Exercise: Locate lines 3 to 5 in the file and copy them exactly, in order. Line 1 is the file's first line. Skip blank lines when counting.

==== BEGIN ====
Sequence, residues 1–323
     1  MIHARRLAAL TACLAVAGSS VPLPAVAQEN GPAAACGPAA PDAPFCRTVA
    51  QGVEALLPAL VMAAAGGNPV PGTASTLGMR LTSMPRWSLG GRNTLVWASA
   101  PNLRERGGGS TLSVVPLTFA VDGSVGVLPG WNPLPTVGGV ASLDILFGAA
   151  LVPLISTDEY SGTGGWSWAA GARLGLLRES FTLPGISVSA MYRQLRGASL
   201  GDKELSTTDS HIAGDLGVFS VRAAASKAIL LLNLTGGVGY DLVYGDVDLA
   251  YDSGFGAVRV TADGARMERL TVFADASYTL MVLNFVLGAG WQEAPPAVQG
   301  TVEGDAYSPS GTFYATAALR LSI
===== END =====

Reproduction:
    51  QGVEALLPAL VMAAAGGNPV PGTASTLGMR LTSMPRWSLG GRNTLVWASA
   101  PNLRERGGGS TLSVVPLTFA VDGSVGVLPG WNPLPTVGGV ASLDILFGAA
   151  LVPLISTDEY SGTGGWSWAA GARLGLLRES FTLPGISVSA MYRQLRGASL